Within thirty minutes, we were back into the courtroom. I stood with the defendant as the judge handed down the verdict: guilty and insane, which is different than: “not guilty by reason of insanity” or “guilty but insane.” These little prepositions make a world of difference. “Not guilty by reason of insanity” implies that the defendant had no idea he was committing a crime. “Guilty but insane” implies that the defendant knew that it was a crime when he committed it, but right now he is insane. Hence, he can’t be punished. In his summary, the judge explained how he arrived at his verdict. Specifically, he had to decide the degree in which the psychosis impinged on the murder in Bloomington. The auditory hallucinations were insufficient to make the determination, because his other actions seemed perfectly logical and reasonable. A sane criminal would try to hide his crime. For the judge, the decision came down to the contents of his suitcase. Among the clothes, the judge found a toothbrush. If Tomas really had been insane, why would he have bothered to pack a toothbrush? Although–the judge reasoned—it was clear that Tomas needed psychiatric care, he was sufficiently sane to know that he had committed a crime, that he was fleeing the scene, and that he would have to brush his teeth. Hence, guilty and insane!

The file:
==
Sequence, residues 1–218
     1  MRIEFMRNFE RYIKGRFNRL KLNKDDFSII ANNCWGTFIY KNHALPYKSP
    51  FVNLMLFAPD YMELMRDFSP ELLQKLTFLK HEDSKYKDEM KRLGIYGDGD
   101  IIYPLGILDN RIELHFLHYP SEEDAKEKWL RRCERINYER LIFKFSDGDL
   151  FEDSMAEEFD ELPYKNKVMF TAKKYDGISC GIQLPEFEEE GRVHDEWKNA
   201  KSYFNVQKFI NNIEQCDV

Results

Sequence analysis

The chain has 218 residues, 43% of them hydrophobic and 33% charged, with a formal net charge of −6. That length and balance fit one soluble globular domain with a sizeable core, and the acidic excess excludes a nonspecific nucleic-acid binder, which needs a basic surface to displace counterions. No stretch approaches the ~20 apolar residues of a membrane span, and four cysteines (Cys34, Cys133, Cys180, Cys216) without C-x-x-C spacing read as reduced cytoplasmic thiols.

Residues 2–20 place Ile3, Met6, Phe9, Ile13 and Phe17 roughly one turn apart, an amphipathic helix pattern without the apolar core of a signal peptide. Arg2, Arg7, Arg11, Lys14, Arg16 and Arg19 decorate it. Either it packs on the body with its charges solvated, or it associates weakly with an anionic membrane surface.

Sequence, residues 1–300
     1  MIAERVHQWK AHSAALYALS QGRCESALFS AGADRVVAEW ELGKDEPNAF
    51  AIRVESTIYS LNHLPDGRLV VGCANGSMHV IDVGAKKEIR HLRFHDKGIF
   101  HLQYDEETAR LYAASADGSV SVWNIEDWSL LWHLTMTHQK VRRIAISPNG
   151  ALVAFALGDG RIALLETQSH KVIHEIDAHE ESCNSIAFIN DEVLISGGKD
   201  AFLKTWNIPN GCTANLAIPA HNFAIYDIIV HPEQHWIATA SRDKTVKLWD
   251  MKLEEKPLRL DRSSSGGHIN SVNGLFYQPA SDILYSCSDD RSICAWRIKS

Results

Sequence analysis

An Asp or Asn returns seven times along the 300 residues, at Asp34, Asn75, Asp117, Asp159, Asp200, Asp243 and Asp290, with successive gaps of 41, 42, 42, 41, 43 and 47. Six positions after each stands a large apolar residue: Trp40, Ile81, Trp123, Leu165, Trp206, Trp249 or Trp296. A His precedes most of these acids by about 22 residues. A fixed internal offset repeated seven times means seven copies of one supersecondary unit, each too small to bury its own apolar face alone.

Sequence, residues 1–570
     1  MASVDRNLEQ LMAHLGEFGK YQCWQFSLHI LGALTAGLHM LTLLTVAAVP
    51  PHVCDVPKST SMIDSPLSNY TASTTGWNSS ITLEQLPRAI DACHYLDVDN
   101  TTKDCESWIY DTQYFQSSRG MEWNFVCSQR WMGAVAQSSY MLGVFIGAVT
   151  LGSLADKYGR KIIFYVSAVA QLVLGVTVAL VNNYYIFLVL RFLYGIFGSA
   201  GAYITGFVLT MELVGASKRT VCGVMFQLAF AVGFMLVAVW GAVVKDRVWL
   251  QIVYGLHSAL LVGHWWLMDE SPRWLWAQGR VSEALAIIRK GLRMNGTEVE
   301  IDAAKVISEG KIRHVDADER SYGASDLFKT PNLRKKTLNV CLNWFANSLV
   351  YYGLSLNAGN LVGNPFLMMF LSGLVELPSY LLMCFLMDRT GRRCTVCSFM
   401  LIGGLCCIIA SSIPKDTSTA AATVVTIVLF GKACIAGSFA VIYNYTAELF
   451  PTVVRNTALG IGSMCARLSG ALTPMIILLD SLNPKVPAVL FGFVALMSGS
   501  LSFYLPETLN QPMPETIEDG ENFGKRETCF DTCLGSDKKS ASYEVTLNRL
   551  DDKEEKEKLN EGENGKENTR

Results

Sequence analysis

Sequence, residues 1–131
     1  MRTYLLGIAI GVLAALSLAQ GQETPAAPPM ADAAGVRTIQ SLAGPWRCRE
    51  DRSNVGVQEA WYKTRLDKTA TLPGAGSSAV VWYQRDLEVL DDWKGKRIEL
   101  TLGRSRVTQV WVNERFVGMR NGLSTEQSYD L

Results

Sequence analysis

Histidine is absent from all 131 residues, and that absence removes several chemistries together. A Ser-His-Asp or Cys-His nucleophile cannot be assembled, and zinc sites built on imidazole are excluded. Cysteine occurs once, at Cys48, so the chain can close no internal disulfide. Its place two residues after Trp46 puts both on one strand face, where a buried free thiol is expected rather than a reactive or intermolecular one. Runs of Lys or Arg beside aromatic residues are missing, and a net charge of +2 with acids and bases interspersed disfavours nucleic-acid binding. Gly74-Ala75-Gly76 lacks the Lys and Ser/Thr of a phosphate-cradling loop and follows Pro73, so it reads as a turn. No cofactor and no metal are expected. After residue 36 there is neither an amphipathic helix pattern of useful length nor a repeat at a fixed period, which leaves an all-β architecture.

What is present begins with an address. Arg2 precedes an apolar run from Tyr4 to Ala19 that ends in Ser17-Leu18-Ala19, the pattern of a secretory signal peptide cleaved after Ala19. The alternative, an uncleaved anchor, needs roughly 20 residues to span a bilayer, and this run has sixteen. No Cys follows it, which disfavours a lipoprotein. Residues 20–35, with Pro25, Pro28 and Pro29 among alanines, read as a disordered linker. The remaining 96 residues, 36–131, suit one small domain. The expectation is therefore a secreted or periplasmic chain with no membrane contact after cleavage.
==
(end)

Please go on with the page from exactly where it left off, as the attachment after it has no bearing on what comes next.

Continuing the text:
I had the job of telling Tomas that the judge was imposing the maximum punishment allowable by law: a mental institution until, forty years in prison and restitution to the victim’s family. Tomas couldn’t believe his ears. He asked me several times if I had heard the verdict correctly. “What? He’s giving me 40 years? What does heinous mean?” Tomas was going to a mental hospital; however, once it was determined that he was sufficiently cognizant of his crime, he would be transferred to a prison for the rest of his sentence. The irony wasn’t lost on me. He had to be cured before he could be punished. The world, however, is a safer. He had murdered two people in a three hour spree that could have left a bus-load of people dead. The other passengers on the bus have no idea how lucky they are to be alive.
Although the case was over for me, it was just starting for Tomas. He still had to face trial for murder in Chicago. For me, it was back to the books. It is still in my memory, though. Once you hear the Voice, it is hard to get it out of your head.